 high proportion of value:
up to 30%
 high development potential:
more than 80% of the innovations
 high number of Electronic Control Units (ECUs)
up to 70
 complex distributed system
different networks & topologies
A. Steininger
page 14
Electronics in Cars - Benefits
 cheap alternative to existing mechanical solutions
– lighter, smaller, cheaper, more flexible,…
 enabler for further optimizations
– electronic ignition, motor management, …
 key to new functionality
–
–
–
–
safety: ESP, active suspension, crash sensing…
comfort: air conditioning, infotainment,…
security: immobilizer, alarm, electronic key, GPS tracking,…
autonomy: anticipatory braking, lane keeping,…
A. Steininger
page 15
Key Demands
Safety
Real-Time
Low Cost
Robustness
Testability
A. Steininger
page 16
Key Demands
Safety
Real-Time
– high risk potential (energy!)
– high public awareness
– no safe state (in general)
Low Cost
– certification required
Robustness
– high complexity of system &
application
Testability
– legal issues (liability)
(EN 61508, ISO 26262)
A. Steininger
page 17
Key Demands
Safety
Real-Time
Low Cost
Robustness
– engine: 6000 rpm = 1/10ms
– VDM: 100km/h = 28cm/10ms
– need to synchronize
distributed activities
– real-time communication
– image processing tasks
Testability
A. Steininger
page 18
Key Demands
Safety
Real-Time
Low Cost
Robustness
– extreme competition
– high cost inhibits introduction
– tailored safety concepts
 minimum degree of replication
 use structural redundancies
– generic solutions
 scalable, configurable, flexible
Testability
– marginal costs beat NRE
A. Steininger
page 19
Current Status
 fail safe functions realized:
– shut off upon error
– mechanical fall-back system assumes control
no true “by wire” functions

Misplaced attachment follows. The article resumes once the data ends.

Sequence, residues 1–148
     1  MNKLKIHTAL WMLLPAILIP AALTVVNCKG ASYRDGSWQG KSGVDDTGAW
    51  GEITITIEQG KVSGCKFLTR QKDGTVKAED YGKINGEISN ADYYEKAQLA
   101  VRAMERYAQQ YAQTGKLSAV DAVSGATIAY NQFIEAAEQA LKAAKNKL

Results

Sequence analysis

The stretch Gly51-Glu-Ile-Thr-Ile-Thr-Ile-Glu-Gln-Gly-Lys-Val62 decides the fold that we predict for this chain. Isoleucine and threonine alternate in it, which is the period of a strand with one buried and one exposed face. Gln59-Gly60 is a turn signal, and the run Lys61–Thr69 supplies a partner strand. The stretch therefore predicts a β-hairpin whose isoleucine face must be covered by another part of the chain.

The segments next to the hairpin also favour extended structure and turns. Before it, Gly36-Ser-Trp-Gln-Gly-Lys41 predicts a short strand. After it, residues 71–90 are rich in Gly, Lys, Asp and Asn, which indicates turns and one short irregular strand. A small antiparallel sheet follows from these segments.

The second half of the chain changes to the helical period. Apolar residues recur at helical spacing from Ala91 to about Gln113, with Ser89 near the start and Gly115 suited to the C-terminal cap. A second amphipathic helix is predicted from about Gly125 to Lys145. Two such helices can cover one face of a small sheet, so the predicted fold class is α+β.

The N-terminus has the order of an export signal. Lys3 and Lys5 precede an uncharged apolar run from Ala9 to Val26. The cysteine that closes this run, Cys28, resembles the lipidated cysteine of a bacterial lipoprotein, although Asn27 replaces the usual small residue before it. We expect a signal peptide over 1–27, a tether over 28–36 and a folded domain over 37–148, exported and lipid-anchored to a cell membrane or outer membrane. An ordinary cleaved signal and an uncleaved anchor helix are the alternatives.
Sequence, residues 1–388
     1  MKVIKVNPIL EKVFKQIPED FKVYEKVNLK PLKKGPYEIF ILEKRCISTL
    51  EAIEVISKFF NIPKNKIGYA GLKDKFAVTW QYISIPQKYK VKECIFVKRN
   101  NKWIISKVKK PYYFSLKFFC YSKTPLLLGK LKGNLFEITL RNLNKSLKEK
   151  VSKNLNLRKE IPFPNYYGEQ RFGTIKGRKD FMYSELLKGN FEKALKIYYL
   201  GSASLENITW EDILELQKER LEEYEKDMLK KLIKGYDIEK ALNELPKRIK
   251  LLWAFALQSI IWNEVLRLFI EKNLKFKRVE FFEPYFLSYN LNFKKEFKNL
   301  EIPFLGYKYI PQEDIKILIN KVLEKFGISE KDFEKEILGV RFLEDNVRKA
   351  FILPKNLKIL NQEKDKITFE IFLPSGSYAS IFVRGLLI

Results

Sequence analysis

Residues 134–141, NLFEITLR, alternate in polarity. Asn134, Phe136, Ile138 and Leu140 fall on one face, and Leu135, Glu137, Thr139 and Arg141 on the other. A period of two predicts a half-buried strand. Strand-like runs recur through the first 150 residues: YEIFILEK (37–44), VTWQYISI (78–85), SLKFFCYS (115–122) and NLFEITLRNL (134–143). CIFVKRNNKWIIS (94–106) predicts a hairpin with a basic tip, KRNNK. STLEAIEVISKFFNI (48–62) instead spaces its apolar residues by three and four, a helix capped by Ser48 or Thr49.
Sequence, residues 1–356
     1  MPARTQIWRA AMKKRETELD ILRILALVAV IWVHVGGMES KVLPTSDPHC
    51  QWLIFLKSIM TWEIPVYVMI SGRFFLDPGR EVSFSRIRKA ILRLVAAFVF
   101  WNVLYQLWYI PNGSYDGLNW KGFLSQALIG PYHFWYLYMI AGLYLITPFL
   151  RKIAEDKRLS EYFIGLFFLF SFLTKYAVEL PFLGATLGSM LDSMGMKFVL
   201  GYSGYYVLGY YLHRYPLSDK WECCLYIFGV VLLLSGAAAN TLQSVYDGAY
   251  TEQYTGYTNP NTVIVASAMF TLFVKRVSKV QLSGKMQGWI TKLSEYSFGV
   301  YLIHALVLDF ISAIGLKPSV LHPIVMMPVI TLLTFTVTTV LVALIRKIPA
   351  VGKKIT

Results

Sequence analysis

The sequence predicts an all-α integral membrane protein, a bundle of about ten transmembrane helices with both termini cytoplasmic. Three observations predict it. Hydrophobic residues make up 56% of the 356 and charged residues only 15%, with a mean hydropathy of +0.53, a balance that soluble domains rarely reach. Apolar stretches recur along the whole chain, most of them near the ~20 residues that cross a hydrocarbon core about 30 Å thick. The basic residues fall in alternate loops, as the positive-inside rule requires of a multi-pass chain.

– single-channel solutions sufficient
 tolerance against random faults
– avoid design faults by field experience => no diversity
– avoid common cause faults by design (?)
 single fault assumption
– keep faults rare (shielding, etc.)
A. Steininger
page 20
Outline
 Fault tolerance – some (very) basics
 Automotive electronics: the specific situation
• Design of a cost efficient fault tolerant node
– Basic architecture
– Temporal diversity
– Treatment of common cause faults
– Switching performance mode / safety mode
– Fault-tolerance validation by fault injection
A. Steininger
page 21
A Fault Tolerant Node
 mission: make a node (processor) fault tolerant
 need to consider CPU and memory
 aim is “fail safe” (but keep option for fail op in mind)
– simplex unit with error detection capabilities
– duplication and comparison
– hybrid approach
A. Steininger
page 22
Options for the CPU Core
Single core + ED
modify custom CPU core
– parity for buses
Dual core + cmp
Superscalar proc.
+ cmp + ED
– two-rail coding for signals
– self-checking implementation of simple units
– duplicate & compare for
complex units
– careful layout
A. Steininger
page 23
Options for the CPU Core
Single core + ED